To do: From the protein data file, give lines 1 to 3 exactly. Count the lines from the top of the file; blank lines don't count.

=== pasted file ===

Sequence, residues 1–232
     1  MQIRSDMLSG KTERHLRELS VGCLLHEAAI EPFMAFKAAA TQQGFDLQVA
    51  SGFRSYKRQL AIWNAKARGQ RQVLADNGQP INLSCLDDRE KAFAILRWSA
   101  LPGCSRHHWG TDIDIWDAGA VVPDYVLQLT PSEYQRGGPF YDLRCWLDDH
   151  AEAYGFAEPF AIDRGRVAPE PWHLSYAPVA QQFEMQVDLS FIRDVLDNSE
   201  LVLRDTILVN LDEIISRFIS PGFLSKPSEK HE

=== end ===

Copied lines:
Sequence, residues 1–232
     1  MQIRSDMLSG KTERHLRELS VGCLLHEAAI EPFMAFKAAA TQQGFDLQVA
    51  SGFRSYKRQL AIWNAKARGQ RQVLADNGQP INLSCLDDRE KAFAILRWSA